The only other thing you might possibly need to do is redesign how the axles are held in place on the original bearing block and rebuild that area of the model to give complete rotation of the wheel at all times. You could just rebuild the centre wheel bearing section or it might be better to do the whole tender underframe area. It might also be adventagious to rebuild the pick ups on the tender as well.
  The railway dog Junior Train Controller

When I started trying to fix this my idea was to get some springing above the middle wheelset to force it into contact with the rail. I thought there'd be room between the bearing sleeves & chassis to get a small piece of spring brass from an ordinary Kadee coupler box spring. But not so, it jammed the centre wheelset down hard on the rail so  it acted as a pivot, allowing the tender to rock up & down on it.
But I reckon that springing might be the way to go. This would mean carving material from the chassis to allow spring material to fit between it & the bearings.
My engine's in the paintshop right now, so I won't be doing anything about this for a while.
  dthead Site Admin

Location: Melbourne, Australia
When I started trying to fix this my idea was to get some springing above the middle wheelset to force it into contact with the rail. I thought there'd be room between the bearing sleeves & chassis to get a small piece of spring brass from an ordinary Kadee coupler box spring. But not so, it jammed the centre wheelset down hard on the rail so  it acted as a pivot, allowing the tender to rock up & down on it.
But I reckon that springing might be the way to go. This would mean carving material from the chassis to allow spring material to fit between it & the bearings.
My engine's in the paintshop right now, so I won't be doing anything about this for a while.
The railway dog
won't springing force the tender's other 2 wheel off the track, maybe forcing you to add weight to conteract the  spring, and then adding  tot he load the loco can pull ?

David
  The railway dog Junior Train Controller

Won't springing force the other wheels off the track?
Quite bloody likely. Some careful surgery to the chassis would be needed, plus trial & error to get the right spring pressure.
And it might not work at all.
  DJPeters Assistant Commissioner

So who's bought one?

For us more distant prospective buyers, how does it rate - is at an SR 10 or an Austrains 36?
Neither of those models, best compared to the Ixion 32 Class as that basically what it is...well this time as a C30T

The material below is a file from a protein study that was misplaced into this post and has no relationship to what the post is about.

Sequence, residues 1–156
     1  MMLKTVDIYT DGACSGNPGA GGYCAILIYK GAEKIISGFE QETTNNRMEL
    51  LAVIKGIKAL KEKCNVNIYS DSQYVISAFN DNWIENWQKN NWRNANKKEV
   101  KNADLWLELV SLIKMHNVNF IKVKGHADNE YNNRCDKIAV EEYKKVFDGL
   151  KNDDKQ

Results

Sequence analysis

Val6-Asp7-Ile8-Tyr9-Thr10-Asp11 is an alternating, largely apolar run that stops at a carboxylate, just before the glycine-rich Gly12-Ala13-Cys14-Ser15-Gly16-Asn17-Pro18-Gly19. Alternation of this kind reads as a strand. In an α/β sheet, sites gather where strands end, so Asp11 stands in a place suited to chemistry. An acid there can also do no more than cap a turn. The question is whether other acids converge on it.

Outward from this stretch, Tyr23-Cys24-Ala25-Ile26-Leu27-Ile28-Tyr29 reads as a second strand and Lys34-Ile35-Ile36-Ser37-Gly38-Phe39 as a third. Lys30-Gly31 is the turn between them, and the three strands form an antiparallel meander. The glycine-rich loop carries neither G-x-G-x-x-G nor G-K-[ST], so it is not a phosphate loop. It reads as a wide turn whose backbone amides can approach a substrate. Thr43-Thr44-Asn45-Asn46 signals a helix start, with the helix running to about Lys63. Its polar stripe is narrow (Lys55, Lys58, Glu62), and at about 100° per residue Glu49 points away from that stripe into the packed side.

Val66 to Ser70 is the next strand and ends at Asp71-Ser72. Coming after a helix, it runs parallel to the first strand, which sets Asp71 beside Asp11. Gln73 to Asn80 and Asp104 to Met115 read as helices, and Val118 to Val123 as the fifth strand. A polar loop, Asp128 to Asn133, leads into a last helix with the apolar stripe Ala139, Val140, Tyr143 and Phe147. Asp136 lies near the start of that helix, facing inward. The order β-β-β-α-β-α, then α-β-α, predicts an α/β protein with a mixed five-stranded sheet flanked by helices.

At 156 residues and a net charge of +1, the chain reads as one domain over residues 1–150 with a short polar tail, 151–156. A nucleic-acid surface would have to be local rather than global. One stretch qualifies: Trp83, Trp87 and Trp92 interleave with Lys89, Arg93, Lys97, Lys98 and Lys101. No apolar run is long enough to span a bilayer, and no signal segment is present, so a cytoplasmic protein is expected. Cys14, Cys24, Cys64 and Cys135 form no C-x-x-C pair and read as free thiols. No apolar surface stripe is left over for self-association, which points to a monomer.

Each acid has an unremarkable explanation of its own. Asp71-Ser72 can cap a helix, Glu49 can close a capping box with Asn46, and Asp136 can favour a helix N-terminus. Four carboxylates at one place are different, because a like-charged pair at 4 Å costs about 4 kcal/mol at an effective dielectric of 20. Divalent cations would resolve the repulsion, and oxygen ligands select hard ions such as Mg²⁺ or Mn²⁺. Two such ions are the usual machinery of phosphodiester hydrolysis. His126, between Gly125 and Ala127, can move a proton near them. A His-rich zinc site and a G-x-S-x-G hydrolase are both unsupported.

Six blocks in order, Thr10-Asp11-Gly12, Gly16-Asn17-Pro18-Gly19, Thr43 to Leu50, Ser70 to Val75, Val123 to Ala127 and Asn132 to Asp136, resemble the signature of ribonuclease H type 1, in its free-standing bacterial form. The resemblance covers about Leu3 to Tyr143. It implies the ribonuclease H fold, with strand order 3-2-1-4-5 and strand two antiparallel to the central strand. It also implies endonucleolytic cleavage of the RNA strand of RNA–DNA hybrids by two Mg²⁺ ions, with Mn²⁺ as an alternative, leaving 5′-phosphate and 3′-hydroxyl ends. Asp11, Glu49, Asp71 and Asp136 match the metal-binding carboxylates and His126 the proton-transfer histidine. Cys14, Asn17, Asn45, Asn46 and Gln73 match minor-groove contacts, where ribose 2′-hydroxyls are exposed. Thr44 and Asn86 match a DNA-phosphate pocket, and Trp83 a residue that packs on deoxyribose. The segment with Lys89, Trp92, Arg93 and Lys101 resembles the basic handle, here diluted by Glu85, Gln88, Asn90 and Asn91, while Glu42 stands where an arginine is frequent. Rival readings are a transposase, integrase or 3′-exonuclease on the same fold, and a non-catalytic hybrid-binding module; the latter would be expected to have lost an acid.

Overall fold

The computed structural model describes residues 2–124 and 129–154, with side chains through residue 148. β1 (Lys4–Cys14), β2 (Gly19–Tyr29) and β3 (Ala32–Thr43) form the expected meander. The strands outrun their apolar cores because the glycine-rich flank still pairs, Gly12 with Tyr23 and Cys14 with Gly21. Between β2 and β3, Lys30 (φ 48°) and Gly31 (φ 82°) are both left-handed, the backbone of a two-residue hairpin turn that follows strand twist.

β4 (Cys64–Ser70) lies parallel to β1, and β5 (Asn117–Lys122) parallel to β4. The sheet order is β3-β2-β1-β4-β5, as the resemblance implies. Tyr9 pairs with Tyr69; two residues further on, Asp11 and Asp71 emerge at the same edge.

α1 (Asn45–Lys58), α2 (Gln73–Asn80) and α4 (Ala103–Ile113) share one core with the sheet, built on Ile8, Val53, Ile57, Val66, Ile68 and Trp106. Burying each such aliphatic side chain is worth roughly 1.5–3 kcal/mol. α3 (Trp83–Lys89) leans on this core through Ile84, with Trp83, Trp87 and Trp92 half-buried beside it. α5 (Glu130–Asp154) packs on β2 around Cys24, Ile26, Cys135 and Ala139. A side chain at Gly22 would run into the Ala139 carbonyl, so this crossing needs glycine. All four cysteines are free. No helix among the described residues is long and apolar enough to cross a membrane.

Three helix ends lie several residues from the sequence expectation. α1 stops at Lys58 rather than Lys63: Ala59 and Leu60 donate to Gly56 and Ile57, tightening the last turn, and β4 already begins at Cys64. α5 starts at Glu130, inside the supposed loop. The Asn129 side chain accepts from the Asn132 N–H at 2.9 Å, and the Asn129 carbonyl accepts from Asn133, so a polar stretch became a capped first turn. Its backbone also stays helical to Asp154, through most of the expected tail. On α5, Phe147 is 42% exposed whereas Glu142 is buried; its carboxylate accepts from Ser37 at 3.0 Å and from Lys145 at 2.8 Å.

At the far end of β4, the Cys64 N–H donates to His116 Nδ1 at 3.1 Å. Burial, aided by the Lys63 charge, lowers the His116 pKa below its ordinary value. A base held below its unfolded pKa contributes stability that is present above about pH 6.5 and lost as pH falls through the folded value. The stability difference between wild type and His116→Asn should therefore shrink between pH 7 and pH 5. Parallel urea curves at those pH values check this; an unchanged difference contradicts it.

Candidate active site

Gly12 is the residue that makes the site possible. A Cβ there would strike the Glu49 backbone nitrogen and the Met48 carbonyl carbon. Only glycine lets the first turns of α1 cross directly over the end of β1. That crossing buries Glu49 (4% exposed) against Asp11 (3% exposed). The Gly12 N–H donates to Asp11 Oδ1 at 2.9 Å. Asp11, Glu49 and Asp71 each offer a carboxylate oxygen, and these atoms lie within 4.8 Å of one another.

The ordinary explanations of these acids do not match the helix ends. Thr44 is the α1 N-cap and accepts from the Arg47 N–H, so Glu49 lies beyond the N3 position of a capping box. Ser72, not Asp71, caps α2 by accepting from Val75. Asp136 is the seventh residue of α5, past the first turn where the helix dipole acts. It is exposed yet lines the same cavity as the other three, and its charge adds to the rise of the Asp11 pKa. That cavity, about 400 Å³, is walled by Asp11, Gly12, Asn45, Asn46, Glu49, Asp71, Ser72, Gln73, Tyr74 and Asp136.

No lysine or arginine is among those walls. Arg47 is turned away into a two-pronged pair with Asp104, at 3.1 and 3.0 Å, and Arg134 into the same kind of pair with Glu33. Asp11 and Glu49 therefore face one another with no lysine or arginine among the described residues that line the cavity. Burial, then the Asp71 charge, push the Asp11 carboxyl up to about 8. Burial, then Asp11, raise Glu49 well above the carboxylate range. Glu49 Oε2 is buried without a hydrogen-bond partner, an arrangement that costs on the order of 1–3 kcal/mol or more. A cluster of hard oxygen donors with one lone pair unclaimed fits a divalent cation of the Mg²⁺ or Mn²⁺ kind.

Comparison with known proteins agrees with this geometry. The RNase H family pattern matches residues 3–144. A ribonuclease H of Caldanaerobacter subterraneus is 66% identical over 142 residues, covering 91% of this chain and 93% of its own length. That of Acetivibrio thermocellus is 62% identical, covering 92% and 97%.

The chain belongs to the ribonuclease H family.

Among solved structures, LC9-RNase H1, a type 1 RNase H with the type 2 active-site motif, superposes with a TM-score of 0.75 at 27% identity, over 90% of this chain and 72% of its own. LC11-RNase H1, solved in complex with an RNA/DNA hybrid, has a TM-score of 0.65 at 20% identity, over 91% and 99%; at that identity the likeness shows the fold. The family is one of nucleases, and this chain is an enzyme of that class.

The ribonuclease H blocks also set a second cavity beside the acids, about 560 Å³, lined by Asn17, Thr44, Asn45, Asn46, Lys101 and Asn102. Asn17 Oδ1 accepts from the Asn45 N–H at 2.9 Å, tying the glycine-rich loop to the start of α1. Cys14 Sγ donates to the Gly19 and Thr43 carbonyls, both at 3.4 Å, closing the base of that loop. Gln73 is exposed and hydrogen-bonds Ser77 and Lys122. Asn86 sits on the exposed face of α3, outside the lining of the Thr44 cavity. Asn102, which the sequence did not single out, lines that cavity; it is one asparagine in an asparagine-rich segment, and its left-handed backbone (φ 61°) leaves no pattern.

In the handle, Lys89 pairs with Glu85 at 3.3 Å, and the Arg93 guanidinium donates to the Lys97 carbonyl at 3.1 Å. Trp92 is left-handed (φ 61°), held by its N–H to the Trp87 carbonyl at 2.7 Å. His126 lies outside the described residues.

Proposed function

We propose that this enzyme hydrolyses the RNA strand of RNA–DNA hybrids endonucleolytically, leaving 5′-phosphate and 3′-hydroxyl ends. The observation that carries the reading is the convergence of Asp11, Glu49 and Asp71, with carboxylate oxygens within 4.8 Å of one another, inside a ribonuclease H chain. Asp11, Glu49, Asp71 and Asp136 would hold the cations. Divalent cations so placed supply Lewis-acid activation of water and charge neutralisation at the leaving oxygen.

The tender is an Ixion 32 Class 6 wheeler, identical inside and out.
Loco is possibly a little heavier than the 32 and has a cab roof light as an extra.
Running characteristics similar the the 32.

It will basically suits those who are more interested in price.
Captain Underpants
Well this says something if the tender is identical for both then maybe both locos will or have the same problem so it might be better for whoever owns the tender tools to have or get a redesign done to cure the problem.   Now to ask the big question if the tender is identical to the Ixion 32 class has any one who has a 6 wheeled tender on their 32 had the same problem though and if not, then why is only the C30T affected and not the Ixion 32 class. This does need asking though.
  The railway dog Junior Train Controller

I have an Ixion 32 with a 6 wheel tender. The problems are identical.
  ajbrown Junior Train Controller

I have an Ixion 32 with a 6 wheel tender. The problems are identical.
The railway dog
I don't suppose anyone could post a nice, clear photo of the underneath of the tender?  After all, a picture says 1,000 words.
I, for one, am curious.

Allan Brown
  kingfisher Chief Train Controller

I have an Ixion 32 with a 6 wheel tender. The problems are identical.
I don't suppose anyone could post a nice, clear photo of the underneath of the tender?  After all, a picture says 1,000 words.
I, for one, am curious.

Allan Brown
ajbrown
If you go back to page 4 there is a post from Oscar that has clear photos of the problem area.
  PoidaGarratt Station Staff

In regards to both the model and real 30T, can anyone enlighten me as to what the two 'screw car jack' looking things are that appear on some locos (and not others) on the running board directly over the cylinders.
I have determined that the spare parts bag in the box for the model has these parts included.
I have seen that on the real loco (I have the Train Hobby publication) these items are not connected to the boiler at all, but that is all I can ascertain.
Cheers.
  apw5910 Deputy Commissioner

Location: Location: Location.
In regards to both the model and real 30T, can anyone enlighten me as to what the two 'screw car jack' looking things are that appear on some locos (and not others) on the running board directly over the cylinders.
PoidaGarratt
They are indeed "screw car jacks" - big screw jacks to help with re-railing after a mishap etc. I know they are (or at least were) on 3001 when she was running around in preservation times.

The Wombat 30T comes with some along with the fire-irons.
  The railway dog Junior Train Controller

And it comes with a shovel too!
Just the thing to have jammed against the cab side.
  dthead Site Admin

Location: Melbourne, Australia
I'm very interested in this thread as I got  one recently. Wombat Modelsalso numbered it for me, thankyou so much. It was a present to me after my near death experiance  in WaggaWagga BaseHospital in November.  

The model is unopened for now, awaiting a DCC decoder, and since I'm  currently in the Austin Hospital for a seperate issue, still have to wait.

Regards,
David Head
  The railway dog Junior Train Controller

I'm very interested in this thread as I got  one recently. Wombat Modelsalso numbered it for me, thankyou so much. It was a present to me after my near death experiance  in WaggaWagga BaseHospital in November.